For there is one God and one Mediator between God and men, the Man Christ Jesus, (1 Tim. 2:5)
There is no way to adequately explain priesthood without reference to mediation. A priest is a mediator between God and Man. From time to time over the years, I have had the verse from 1 Timothy pointed out to me with the argument that there cannot be any mediator other than Christ, and, thus, there cannot be any such thing as a “priest” within the Church. Sometimes the argument becomes even more pointed:
I do not need to go to a priest to have my sins forgiven! I can go directly to God. I don’t want anything or anyone standing between me and Jesus.
If the priesthood (ordained or otherwise) stood between a person and Christ, I would oppose it myself. However, its purpose, like all of the sacraments, is quite the opposite: it is to mediate the presence of Christ, that is to make Him present, not serve in His absence. The greater question, therefore, is whether there need be any sacraments.
That Christ gave us Holy Baptism and the Eucharist is beyond doubt. In particular, with the Eucharist, we are told, “Whoever eats my flesh and drinks my blood abides in me and I in them.” Further, we are commanded to eat His flesh and drink His blood. The notion that the Eucharist is merely a ritual action designed to make us think of Jesus is, historically speaking, absurd. There is only evidence in the early Church that the bread and the wine truly become the Body and Blood of Christ. Everything said about it in the Scriptures, including the warning of possible sickness accompanying eating it in the wrong manner, argue against mere memorialism.
It is ironic in the extreme that the very Christians who champion a “literal” reading of Scripture, and excoriate the Orthodox (and others) for engaging in theological analysis, refuse to read the verses concerning the Eucharist in a literal manner and themselves engage in philosophical gymnastics in order to deny the reality of Christ’s Body and Blood. It is a case of an anti-Catholic petard hoisting them into nonsense.
But just as Christ gives us His own Body and Blood, that we might “dwell in Him and He in us,” so, too, does He give us a sacramental world by which and in which He may be known. Marriage is another example. In the God-blessed faithful union of a man and a woman, Christ makes known the mystery of the union between Himself and the Church. A sacramental world is not a case of the world standing between us and God, but the world being made something in which and by which we encounter God.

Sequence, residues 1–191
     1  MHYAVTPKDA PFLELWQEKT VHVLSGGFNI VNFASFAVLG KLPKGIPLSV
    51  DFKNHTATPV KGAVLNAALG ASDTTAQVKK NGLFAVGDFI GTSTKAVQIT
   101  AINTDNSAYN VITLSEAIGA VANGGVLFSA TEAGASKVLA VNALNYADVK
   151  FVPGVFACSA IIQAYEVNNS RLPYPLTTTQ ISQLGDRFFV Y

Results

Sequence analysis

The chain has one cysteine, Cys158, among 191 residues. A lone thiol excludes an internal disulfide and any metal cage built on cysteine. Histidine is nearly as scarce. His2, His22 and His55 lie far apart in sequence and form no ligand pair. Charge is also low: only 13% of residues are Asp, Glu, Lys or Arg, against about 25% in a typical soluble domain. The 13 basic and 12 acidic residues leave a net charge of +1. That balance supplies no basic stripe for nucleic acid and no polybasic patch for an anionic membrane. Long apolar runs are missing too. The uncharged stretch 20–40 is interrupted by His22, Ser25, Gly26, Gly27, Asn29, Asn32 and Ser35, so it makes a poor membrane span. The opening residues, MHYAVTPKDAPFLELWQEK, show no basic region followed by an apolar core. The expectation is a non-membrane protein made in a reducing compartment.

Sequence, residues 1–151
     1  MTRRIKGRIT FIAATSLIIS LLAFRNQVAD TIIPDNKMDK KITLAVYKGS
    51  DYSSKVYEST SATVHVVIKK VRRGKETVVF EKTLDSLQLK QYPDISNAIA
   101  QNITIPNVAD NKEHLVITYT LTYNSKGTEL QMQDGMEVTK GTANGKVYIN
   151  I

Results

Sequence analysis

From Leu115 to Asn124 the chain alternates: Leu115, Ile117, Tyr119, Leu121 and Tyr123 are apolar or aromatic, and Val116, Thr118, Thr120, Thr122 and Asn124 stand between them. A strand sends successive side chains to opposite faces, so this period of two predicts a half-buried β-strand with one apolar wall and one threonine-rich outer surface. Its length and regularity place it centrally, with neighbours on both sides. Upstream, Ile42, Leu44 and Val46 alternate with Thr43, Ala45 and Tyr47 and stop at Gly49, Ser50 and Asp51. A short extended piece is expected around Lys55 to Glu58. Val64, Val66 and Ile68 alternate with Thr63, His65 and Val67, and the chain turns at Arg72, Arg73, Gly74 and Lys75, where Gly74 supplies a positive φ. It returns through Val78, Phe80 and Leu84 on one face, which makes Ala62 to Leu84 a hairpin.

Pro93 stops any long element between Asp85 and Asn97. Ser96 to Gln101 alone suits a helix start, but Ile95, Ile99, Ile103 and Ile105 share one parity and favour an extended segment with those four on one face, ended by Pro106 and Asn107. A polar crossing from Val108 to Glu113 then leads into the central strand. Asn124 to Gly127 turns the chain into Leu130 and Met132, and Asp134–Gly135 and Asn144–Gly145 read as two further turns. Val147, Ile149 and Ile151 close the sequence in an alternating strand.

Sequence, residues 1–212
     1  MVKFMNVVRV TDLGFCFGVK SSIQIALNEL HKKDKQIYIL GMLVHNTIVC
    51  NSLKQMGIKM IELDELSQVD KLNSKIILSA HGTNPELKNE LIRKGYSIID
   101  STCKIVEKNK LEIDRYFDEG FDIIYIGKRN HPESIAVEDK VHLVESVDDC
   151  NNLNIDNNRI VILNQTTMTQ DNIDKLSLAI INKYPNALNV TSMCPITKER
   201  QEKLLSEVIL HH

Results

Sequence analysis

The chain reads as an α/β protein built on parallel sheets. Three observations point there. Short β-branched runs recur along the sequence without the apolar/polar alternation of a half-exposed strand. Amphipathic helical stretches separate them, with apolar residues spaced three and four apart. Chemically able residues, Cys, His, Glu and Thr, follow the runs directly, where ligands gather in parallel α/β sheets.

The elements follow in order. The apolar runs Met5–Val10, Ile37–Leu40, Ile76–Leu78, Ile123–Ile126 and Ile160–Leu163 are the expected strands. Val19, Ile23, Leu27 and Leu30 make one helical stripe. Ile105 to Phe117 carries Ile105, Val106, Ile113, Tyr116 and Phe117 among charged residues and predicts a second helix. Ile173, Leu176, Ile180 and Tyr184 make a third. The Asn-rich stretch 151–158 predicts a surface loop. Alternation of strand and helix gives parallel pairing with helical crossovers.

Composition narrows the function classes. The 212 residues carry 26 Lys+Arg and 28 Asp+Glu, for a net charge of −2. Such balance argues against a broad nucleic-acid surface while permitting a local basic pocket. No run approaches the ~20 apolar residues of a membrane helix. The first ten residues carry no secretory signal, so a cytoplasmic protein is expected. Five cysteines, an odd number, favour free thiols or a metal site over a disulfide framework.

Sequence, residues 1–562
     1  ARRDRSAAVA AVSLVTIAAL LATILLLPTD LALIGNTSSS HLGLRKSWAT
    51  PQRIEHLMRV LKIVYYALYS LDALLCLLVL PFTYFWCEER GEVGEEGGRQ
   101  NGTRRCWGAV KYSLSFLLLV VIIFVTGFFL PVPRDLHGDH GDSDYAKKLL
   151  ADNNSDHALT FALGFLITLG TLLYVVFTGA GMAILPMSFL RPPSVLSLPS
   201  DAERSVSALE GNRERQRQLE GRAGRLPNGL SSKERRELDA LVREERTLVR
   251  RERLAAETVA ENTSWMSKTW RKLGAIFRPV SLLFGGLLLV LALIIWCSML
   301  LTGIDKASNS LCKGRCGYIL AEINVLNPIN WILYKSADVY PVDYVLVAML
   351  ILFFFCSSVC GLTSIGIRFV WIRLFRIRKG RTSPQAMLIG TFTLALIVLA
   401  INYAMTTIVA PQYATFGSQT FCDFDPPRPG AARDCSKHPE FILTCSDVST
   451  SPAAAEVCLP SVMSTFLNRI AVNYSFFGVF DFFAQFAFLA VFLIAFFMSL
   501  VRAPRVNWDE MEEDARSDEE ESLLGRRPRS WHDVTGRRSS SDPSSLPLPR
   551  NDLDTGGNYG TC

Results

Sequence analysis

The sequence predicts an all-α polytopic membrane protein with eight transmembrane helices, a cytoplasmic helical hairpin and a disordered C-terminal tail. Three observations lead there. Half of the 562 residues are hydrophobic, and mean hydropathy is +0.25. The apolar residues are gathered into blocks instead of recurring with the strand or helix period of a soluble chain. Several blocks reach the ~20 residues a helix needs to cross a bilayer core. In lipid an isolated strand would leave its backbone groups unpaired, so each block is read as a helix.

The great flaw in anti-sacramental thinking is its abstracted notion of “spiritual.” It is presumed that for something to be “spiritual,” it must have nothing to do with the material world. That “talking to Jesus” only consists in words spoken in our heads. In truth, it is a preference for the imaginary over the real. The Word did not become flesh only to get our attention so that we would no longer have anything to do with the material world. It is the Word who became flesh Who gives us His Body and His Blood, the waters of Baptism, the marriage bed, the Apostolic ministry, the oil of healing, the laying on of hands, the lifting of the voice and all such things.
Non-sacramental Christianity has a long history of delusional teaching and practices. If the encounter with God is primarily the stuff going on in my head, then the strange results are fairly predictable. Nothing is more subject to manipulation and delusion than our subjectivity. This is not to say that there is nothing crazy in the history of sacramental Christianity.